Fixes/changes to the version of July, 2006:

•       Changing format of data to DNA while reading matrices caused problems with missing entries if the initial format had been defined as either 16 or 32 states. [Martνn Ramνrez]

•       In Nexus format, the gap symbol was always read as a new state, even when nogaps had been set.

•       The nogaps option applied only to DNA data, not to proteins. Now it applies to both.

•       The way in which user variables (with quotes), references to loop values (with #), and arguments (with %), are parsed has been changed, leading to a cleaner interpretation. For example, '0''1' did not concatenate the values for both variables 0 and 1, and #1%1 did not concatenate the value of the loop with the first argument. Concatenation is now produced properly. Note that this might conceivably produce problems in some scripts which worked ok for the old parsing style; I'd appreciate reports on errors produced by this change. [Martνn Ramνrez]

•       Fixed some errors occuring when converting a tree-tag (with $ttag) for a node for which a tag had not been defined.

•       Added expression numbits to the macros.

•       When doing searches, the time used for packing data is now not counted (the times reported correspond to the actual search times, and do not vary depending on whether the data had been previously packed or not).

Fixes/changes to the version of August, 2006 (October 2006; this is now version 1.1):

•       Not truly a bug, but perhaps unexpected: counting numbers of transformations between states (change or Optimize/CountSpecificChanges) included the steps in non-active characters. The steps in non-active characters are now never counted.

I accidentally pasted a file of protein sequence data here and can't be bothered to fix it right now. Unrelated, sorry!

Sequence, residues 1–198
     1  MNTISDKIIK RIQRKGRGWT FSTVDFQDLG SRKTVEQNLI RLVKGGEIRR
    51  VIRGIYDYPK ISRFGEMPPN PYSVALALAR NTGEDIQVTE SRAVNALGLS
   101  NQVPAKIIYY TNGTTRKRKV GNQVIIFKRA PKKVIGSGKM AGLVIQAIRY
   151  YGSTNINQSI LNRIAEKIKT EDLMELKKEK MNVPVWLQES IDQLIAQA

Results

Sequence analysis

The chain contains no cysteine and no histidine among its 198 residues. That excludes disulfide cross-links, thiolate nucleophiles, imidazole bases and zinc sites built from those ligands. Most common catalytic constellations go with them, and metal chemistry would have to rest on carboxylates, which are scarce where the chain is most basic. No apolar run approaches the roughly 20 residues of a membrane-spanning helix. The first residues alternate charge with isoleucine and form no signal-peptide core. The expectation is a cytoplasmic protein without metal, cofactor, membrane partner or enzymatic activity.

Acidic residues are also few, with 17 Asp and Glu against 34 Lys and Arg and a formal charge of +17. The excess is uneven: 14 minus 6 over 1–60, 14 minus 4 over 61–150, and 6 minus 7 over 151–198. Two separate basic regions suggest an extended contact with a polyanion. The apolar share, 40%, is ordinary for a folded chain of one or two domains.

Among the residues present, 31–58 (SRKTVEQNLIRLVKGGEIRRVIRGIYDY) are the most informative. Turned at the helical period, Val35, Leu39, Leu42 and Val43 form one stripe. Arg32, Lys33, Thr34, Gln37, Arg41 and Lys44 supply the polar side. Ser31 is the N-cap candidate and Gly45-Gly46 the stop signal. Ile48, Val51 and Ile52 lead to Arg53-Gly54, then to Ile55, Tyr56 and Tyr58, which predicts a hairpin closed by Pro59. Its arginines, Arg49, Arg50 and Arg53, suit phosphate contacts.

•       Added the possibility to do the auto-weighted optimization method of Goloboff (1997. Cladistics 13:225-245), previously implemented only in the program SL. This weights character-state transformations according to their homoplasy on the trees; it is computationally very complex (between 10,000 and 100,000 times slower than analyses of nonadditive characters under equal weights), and can be used only for relatively small data sets (i.e. no more than 100-150 taxa) and with not many states per character (i.e. characters with more than 4 or 5 states may be very time consuming). This is turned ON with piwe+ (or from the menus). The options are set with the (new) command slfwt (or from menus). This required some months of programming, and is the reason for switching from version 1.0 to version 1.1. Also added a new option to the ratchet command, the tradrat option (the "traditional ratchet", where the perturbation phase simply swaps to completion, not saving equally optimal trees; under auto-weighted optimization, which produces very few trees, the modified ratchet implemented so far in TNT seems to produce inferior results; to run the tradrat option you should probably increase upfactor and downfactor). Given that this is so computationally demanding, it is possible to restrict the TBR rearrangements (with slfwt maxtbr, which restricts the possible rerootings of the clipped clade); note that there is no point in restricting possible re-insertion points of the clipped clade, since this can be evaluated efficiently; the problem with rerooting is that (implied) asymmetries in transformation costs require that most characters be re-optimized every time the tree is rerooted (as noted in Goloboff, 1997). Because of this, under auto-weighted optimization SPR is more efficient (i.e. it looks at more rearrangements per unit time) than TBR (therefore, turning off the skipspr option of the bbreak command --with bbreak : noskipspr;-- will usually produce better searches). When using this option, keep in mind that, since this is a recent addition, it may still produce crashes or freezes; be cautious and save results frequently. Note that even the optimization of a single tree can be costly, and it uses heuristic shortcuts; thus, the score reported after a search is completed may be slightly different from the score obtained by reoptimizing the trees found in a search, which doesn't indicate a bug but simply the heuristic nature of the optimization process (the likelihood of this actually happenning decreases when increasing exops, maxdist, setlim from the slfwt command).